When a sentence starts with e.g., should the e be capitalized?

Neverminding that it might be better to start with "For example," ... Thinking of SE posts and comments, should the starting e be capitalized?

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    Yes, it should. Why not? – Kit Z. Fox Jun 1 '11 at 19:32
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    @Kit because the question was raised, and my interest was piqued. I, for one, don't do so. – jcolebrand Jun 1 '11 at 19:33
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    @jcolebrand I meant no offense. It's the first word in a sentence, so I don't see why you wouldn't capitalize it. Why don't you? – Kit Z. Fox Jun 1 '11 at 19:36
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    Wow, this is a community of fast typists. – Kit Z. Fox Jun 1 '11 at 19:38
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    @jcolebrand Hmm. Well, in that case, I think you don't need to capitalize it. But then, it's not really at the beginning of a sentence in that case. Personally, I just like the way e.g. looks. Much prettier than E.g. – Kit Z. Fox Jun 1 '11 at 19:40

Yes. Sentences start with capital letters; abbreviations are no exception.

A possible* exception is when a proper name starts with a lower case letter. E.g., if I changed my name to matthew then "matthew is awesome." would be correct. This is because the word is intended to be lower case. E.g., on the other hand, has no such association with it.

* Don't make an exception. This is just playing devil's advocate. See comments.

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    If you start a sentence with van Gogh, you should capitalize the 'v'. You should never start a sentence with e.e. cummings. – Peter Shor Jun 1 '11 at 19:37
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    Indeed. van, bin and the like are arguably not part of the true name; but since they are intended to be capitalized at the beginning of a sentence, that would take precedence anyways. I would personally always start a sentence with a capital letter regardless. – Matthew Read Jun 1 '11 at 19:40
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    What about eBay or iPads? (I try to write so that I don't have to start sentences with such words, but I don't always succeed.) – Monica Cellio Jun 1 '11 at 19:55
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    @jcolebrand: Rereading the question, I don't think I've misunderstood. It seems like you are asking 'Assuming that it's OK to start a sentence with an abbreviation, do you capitalize it'. And I'm just addressing the assumption. I don't know, I'm only emphasizing the doubt by asking it as a question, I find it 'infelicitous', but in the possible world where it is allowed (possibly this one), I agree that it should be capitalized. – Mitch Jun 1 '11 at 20:42
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    This seems like a nice place for a rant. The advertising business is trying to make writing even harder for us poor commoners by violating some of the most sacred precepts of our language. I will never write anything but Ebay, Ipad (possibly I-pad or I-Pad, but I don't need this device in any case), Tomtom, Linkedin (for years I thought it was LinkedLn) etc. I call Jihad! Who's with me? Come on, there's bound to be booty! You may have the Ipads. – Cerberus_Reinstate_Monica Jun 2 '11 at 0:39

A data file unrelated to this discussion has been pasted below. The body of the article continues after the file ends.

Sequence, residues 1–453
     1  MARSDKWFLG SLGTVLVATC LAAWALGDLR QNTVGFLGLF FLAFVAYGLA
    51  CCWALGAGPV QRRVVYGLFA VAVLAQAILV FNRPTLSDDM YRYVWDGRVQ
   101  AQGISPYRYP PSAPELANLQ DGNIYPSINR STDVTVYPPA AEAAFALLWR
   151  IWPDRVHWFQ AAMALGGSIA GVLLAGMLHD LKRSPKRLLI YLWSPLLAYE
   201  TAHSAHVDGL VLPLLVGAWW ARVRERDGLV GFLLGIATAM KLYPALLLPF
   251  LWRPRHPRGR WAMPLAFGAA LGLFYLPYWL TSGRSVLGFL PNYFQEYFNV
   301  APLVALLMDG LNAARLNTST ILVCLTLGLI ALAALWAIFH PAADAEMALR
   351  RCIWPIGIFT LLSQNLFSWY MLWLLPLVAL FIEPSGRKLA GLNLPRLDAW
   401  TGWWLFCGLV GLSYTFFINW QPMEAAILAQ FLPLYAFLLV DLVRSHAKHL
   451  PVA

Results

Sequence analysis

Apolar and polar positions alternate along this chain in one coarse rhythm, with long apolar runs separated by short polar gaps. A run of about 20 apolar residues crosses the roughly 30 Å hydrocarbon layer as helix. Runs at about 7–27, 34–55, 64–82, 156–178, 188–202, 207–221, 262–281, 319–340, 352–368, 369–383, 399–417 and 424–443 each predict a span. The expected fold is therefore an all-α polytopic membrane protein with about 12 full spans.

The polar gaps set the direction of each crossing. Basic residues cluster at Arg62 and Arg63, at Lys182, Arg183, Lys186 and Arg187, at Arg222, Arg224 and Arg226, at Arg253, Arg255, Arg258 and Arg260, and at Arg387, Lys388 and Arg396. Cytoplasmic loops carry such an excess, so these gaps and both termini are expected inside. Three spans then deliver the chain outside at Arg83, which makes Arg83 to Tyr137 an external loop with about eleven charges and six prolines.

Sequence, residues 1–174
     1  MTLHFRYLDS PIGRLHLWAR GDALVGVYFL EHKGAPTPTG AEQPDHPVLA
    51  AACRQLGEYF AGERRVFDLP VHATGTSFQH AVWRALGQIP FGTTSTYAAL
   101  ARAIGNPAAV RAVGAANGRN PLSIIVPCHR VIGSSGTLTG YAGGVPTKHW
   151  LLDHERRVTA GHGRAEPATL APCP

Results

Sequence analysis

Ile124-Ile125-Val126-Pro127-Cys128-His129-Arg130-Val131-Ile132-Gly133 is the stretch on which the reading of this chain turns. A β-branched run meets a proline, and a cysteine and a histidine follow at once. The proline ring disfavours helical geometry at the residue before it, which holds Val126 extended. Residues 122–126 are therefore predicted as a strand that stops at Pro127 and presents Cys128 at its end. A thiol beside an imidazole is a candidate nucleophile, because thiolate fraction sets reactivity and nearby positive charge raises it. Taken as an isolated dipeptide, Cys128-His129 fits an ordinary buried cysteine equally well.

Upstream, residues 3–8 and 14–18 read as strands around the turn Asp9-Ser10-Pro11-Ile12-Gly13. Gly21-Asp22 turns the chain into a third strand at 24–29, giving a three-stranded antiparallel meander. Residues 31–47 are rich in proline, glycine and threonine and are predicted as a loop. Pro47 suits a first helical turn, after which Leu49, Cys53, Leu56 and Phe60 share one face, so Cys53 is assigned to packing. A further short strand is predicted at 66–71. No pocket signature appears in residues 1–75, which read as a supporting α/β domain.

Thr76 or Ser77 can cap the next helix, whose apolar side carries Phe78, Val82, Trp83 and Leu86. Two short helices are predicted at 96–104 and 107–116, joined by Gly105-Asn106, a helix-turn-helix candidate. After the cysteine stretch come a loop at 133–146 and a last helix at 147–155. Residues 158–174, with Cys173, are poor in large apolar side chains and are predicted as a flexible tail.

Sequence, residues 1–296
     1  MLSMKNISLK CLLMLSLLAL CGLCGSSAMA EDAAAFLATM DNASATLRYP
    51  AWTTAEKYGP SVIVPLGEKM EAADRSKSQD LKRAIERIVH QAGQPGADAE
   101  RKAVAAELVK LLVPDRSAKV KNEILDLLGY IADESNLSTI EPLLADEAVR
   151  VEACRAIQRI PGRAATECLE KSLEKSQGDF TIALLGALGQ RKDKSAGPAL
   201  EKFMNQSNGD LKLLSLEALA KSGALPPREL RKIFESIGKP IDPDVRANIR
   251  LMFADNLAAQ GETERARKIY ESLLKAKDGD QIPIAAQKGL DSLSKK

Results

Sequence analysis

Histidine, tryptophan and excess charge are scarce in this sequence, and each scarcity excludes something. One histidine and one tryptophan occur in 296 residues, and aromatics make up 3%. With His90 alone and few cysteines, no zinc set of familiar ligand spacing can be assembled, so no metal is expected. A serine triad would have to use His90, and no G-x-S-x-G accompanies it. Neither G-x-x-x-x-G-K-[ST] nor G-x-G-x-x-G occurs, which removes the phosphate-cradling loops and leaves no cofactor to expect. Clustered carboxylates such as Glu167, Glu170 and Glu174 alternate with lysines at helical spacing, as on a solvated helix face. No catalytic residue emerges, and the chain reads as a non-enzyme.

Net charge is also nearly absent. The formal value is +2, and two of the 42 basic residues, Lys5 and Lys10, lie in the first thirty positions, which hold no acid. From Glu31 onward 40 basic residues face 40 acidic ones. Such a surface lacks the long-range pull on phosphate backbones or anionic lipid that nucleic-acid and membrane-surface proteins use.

Yes. For example is capitalized at the beginning of a sentence, so is its Latin equivalent exempli gratia, and so is its abbreviated form e.g.


Starting a sentence with e.g. is always wrong, so the question is moot. e.g. should be preceded by a description of the thing you're giving an example of, therefore e.g. should always be preceded by a comma, e.g. this sentence.

  • 3
    Since you're being a stickler and all, allow me to point out that when used in the manner above, "therefore" should be preceded by a semicolon, and followed by a comma, e.g. "... the thing you're giving an example of; therefore, e.g. should always be...." – narx Sep 14 '11 at 7:29
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    @Narx would that be tantamount to a dangling preposition there, since all semicolons are a tended to be a break in thought on the topic being semicoloned from the right (so: complete thought; new thought) and thus, the "of" in your example would be a dangler? – jcolebrand Sep 14 '11 at 15:45
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    @jcolebrand Touché. Good point about the semicolon (not a verb). But it shouldn't be "... the thing of which you're giving an example; therefore...." So awkward. Perhaps "... preceded by a description of what you're exemplifying...." In any case, I'm okay with hanging prepositions. I'm not going to walk around saying, "About what are you talking?" – narx Oct 8 '11 at 4:21
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    "Starting a sentence with e.g. is always wrong", said he and started the very next sentence with "e.g.". – RegDwigнt Oct 1 '12 at 22:17
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    Always is a very, very strong and unforgiving word. – corsiKa Oct 1 '12 at 22:23

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